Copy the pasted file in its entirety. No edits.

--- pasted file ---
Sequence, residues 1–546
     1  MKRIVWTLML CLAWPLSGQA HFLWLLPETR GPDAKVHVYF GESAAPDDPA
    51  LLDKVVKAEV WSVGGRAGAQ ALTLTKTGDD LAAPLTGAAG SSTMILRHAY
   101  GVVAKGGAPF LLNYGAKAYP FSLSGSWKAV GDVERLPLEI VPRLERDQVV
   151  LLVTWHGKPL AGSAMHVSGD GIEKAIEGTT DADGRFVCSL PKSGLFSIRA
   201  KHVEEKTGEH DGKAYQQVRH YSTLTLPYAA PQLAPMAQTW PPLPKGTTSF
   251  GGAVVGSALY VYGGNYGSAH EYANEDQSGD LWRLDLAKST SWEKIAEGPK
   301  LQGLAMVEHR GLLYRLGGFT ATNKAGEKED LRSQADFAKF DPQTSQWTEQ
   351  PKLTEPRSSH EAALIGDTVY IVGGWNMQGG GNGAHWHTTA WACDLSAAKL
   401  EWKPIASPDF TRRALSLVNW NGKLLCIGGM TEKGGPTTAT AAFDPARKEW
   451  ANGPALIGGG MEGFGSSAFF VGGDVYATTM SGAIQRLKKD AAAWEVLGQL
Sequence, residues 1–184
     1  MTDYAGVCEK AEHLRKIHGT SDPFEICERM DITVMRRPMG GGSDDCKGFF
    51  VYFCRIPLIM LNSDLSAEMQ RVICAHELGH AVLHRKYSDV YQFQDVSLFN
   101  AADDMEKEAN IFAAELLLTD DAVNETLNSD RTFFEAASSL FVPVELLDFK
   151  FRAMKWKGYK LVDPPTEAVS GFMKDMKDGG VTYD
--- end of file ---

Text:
Sequence, residues 1–546
     1  MKRIVWTLML CLAWPLSGQA HFLWLLPETR GPDAKVHVYF GESAAPDDPA
    51  LLDKVVKAEV WSVGGRAGAQ ALTLTKTGDD LAAPLTGAAG SSTMILRHAY
   101  GVVAKGGAPF LLNYGAKAYP FSLSGSWKAV GDVERLPLEI VPRLERDQVV
   151  LLVTWHGKPL AGSAMHVSGD GIEKAIEGTT DADGRFVCSL PKSGLFSIRA
   201  KHVEEKTGEH DGKAYQQVRH YSTLTLPYAA PQLAPMAQTW PPLPKGTTSF
   251  GGAVVGSALY VYGGNYGSAH EYANEDQSGD LWRLDLAKST SWEKIAEGPK
   301  LQGLAMVEHR GLLYRLGGFT ATNKAGEKED LRSQADFAKF DPQTSQWTEQ
   351  PKLTEPRSSH EAALIGDTVY IVGGWNMQGG GNGAHWHTTA WACDLSAAKL
   401  EWKPIASPDF TRRALSLVNW NGKLLCIGGM TEKGGPTTAT AAFDPARKEW
   451  ANGPALIGGG MEGFGSSAFF VGGDVYATTM SGAIQRLKKD AAAWEVLGQL
Sequence, residues 1–184
     1  MTDYAGVCEK AEHLRKIHGT SDPFEICERM DITVMRRPMG GGSDDCKGFF
    51  VYFCRIPLIM LNSDLSAEMQ RVICAHELGH AVLHRKYSDV YQFQDVSLFN
   101  AADDMEKEAN IFAAELLLTD DAVNETLNSD RTFFEAASSL FVPVELLDFK
   151  FRAMKWKGYK LVDPPTEAVS GFMKDMKDGG VTYD